What is particularly striking about British imperial culture is how often it mythologized victimization and death as foundational events in the teleology of empire. There was, seemingly, a different crucifixion scene marking the historical gateway to each colonial theater: Captain Cook in the South Pacific, General Wolfe in Canada, General Gordon in the Sudan; or else there was mass martyrdom (the Black Hole massacre in India) or crucifixion averted (the popular tale of Captain John Smith and Pocahontas in America). When, in 1871, W.H.G. Kingston lionized Cook for "the founding of two nations of the Anglo-Saxon race," for example, he was echoing a long tradition of Cookiana that continued to sustain the cultural identities of Australia and New Zealand well into the twentieth century. This foundational myth, like the others mentioned above, revolved around the sanctification implicit in the imperial martyr's suffering-a sanctification that allied imperial pain with redemption and with the beginning, rather than the end, of history. In short, sanctification transformed the pain and finality of death or defeat into pleasurable fantasies of ecstatic rebirth or resurrection. After Cook's death in 1779, poems by Helen Maria Williams, William Cowper, and Hannah More, along with a famous elegy by Anna Seward, all compared him to Christ and stressed his having been deified by the Hawaiians who killed him (an assertion later contested by British and American missionaries). One of the first important paintings of Cook's death, Philip James De Loutherbourg's Apotheosis of Captain Cook (1785), which was used as the backdrop for an immensely successful London pantomime and later published as an engraving, shows Cook being assumed into heaven by the figures of Britannia and Fame. Other influential paintings of the death scene by John Webber, John Cleveley, and Johann Zoffany represent Cook as an icon of emotional and spiritual transcendence-the only serene figure in a scene of chaotic violence.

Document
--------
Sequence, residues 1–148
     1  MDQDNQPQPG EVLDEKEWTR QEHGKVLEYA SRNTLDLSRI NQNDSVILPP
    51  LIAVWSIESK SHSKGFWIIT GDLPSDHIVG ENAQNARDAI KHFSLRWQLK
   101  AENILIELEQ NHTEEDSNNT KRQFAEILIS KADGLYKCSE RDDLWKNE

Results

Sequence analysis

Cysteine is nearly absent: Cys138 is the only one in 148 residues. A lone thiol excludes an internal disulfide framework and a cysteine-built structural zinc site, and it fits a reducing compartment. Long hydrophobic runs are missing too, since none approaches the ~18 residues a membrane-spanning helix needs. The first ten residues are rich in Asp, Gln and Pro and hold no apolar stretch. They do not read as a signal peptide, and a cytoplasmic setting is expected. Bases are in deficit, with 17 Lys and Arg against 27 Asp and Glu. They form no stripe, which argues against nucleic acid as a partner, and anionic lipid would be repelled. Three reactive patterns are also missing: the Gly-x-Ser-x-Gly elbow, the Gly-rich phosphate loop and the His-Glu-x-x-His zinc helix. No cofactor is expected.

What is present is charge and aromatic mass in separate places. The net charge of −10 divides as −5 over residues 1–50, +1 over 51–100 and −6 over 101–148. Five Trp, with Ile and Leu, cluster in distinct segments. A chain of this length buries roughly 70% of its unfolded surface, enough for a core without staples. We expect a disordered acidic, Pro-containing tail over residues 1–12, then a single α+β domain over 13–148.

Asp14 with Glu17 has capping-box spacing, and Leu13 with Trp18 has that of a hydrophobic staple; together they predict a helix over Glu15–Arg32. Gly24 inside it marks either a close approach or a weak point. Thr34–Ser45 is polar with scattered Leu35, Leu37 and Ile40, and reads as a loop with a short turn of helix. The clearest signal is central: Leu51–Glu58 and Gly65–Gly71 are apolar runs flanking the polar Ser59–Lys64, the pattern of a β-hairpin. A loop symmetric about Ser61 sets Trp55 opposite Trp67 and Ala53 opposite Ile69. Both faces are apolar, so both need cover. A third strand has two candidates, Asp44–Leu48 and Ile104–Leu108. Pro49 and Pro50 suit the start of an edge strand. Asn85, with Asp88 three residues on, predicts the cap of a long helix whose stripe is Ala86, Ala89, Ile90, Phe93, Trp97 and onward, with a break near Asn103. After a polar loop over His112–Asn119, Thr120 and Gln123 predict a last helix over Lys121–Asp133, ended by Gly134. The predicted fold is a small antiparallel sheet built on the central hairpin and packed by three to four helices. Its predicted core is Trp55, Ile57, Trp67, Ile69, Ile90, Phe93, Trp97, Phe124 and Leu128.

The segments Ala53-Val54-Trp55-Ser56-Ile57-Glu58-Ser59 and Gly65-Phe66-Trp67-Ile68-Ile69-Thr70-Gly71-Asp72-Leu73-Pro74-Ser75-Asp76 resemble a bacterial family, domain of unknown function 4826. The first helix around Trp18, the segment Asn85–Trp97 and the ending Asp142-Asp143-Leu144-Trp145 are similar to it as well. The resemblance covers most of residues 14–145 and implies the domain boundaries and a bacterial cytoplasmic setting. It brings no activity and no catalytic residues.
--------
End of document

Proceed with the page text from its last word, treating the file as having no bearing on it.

Wolfe was similarly sanctified in the public imagination. A painting by Benjamin West, viewed by enthusiastic crowds when first exhibited in 1771, possesses, in Simon Schama's words, a "radiance illuminating the face of the martyr and bathing the grieving expressions of his brother officers in a reflection of impossible holiness." The West painting is transparently modeled on Passion scenes, with an upraised British flag standing in for the cross. The Black Hole massacre, which took place in Calcutta in 1756 (helping in some measure to motivate Clive's successful campaign against the French at Plassey), was also transformed into a foundational myth in the second half of the nineteenth century by those who portrayed the victims as saintly martyrs. In 1902, ignoring warnings from the India Council in London against "parading our disaster," Lord Curzon lavishly restored the Black Hole monument in Calcutta and praised the "martyr band" in his dedicatory speech. He defended his actions to the India Council on the grounds that "their death was practically the foundation stone of the British Empire in India."